UPDATED 2020

Drug Test Guide

Drug tests examine a person’s hair, urine, saliva, blood or other fluid for the presence of any kind of drug substance, including illegal drugs, alcohol, prescription medication and non-prescription medication. A drug test, often referred to as a toxicology test or toxicology screen, can check for as many as 30 different drugs at one time.

Drug tests are done for many reasons, including:
  • Employment – Many companies conduct pre-employment drug screening before extending an offer of employment to a candidate. Many companies also conduct random drug testing to ensure their staff is not using illegal drugs.
  • Athletics – Athletes at both the college and professional level are subject to drug testing to ensure fair competition. Athletes who are found to have taken performance-enhancing substances may not be allowed to compete.
  • Emergencies – Drug tests are often used in emergency situations where one is found unconscious or with other symptoms. Understanding what drugs are in a patient’s system is important for doctors to be able to treat the patient’s condition.
Drug tests are often conducted using a urine sample in which a person collects his or her own urine in a cup and submits it for testing. To learn more about how a urine test is conducted, please see our Urine Test Guide. An important note about urine collection for drug tests is that someone may be required to watch the sample collection to ensure that it is your own. Urine samples also may be tested for temperature to ensure it is a fresh sample.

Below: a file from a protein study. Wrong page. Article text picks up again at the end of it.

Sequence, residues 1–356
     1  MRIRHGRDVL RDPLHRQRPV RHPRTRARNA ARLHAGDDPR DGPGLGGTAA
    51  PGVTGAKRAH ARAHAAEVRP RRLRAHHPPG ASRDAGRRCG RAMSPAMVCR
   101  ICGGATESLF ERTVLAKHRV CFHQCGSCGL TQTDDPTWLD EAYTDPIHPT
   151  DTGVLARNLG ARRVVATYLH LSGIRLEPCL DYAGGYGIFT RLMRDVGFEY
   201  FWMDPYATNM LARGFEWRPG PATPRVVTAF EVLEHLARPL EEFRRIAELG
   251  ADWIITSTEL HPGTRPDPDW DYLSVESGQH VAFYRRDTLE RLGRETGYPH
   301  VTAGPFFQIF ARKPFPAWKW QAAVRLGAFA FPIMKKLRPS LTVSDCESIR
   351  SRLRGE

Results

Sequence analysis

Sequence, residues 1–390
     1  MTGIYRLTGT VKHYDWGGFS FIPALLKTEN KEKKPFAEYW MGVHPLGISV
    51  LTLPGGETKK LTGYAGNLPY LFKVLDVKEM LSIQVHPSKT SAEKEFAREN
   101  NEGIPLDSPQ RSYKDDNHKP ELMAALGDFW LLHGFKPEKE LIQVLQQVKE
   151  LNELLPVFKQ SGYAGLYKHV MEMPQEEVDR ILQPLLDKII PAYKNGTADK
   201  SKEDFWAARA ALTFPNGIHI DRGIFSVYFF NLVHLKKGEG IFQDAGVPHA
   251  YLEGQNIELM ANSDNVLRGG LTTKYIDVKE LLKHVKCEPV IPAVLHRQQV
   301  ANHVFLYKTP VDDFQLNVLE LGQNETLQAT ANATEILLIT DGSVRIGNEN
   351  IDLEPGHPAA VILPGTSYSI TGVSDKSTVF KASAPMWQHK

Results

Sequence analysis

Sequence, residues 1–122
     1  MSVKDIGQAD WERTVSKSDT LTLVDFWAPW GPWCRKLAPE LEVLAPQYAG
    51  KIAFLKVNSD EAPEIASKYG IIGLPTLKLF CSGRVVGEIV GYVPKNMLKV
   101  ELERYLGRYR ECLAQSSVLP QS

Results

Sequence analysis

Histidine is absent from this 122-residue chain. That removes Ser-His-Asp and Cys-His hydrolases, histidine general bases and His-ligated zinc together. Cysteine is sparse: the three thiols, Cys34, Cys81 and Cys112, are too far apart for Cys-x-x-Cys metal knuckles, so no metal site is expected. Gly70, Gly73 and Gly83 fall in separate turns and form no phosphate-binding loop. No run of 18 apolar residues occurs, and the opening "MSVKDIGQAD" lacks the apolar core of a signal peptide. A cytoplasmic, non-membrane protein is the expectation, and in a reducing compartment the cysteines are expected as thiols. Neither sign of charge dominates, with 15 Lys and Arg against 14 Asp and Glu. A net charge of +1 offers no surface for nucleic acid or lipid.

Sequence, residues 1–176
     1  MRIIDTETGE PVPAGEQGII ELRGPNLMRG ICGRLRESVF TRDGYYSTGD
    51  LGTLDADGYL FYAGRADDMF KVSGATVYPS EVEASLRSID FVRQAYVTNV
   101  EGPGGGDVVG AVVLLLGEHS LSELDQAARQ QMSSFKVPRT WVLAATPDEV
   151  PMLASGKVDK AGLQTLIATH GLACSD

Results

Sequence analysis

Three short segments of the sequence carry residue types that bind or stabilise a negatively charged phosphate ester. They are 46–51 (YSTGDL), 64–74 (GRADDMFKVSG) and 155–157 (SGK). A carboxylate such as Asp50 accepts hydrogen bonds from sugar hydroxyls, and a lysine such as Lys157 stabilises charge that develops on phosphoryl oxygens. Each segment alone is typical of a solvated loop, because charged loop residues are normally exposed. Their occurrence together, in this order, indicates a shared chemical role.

Prior to participating in a drug test, it is important to tell your doctor or tester about any other medications you may be taking, as some medications may alter test results.
Drug tests generally only detect the presence or absence of drugs, rather than the quantity present. A normal result indicates that drugs have not been found. A normal result may also indicate that prescription or non-prescription medication has been detected. An abnormal result indicates that drugs have been found in one’s urine or blood.
Many drug test programs test for five common drugs, including:
  • Amphetamines, including speed and methamphetamine
  • Cannbinoids, such as marijuana and hashish
  • Cocaine
  • Opiates, including morphine, codeine and heroin
  • Phencyclidine
Other tests will check for the five above, as well as:
  • Barbiturates
  • Benzodiazepine
  • Methadone
  • Methaqualone
  • Propoxyphene
If you are considering implementing drug testing in your organization, please see our Drug Test Directory. For more information about drug tests, read our interviews with drug test experts Greg Johnson and Elina Smith.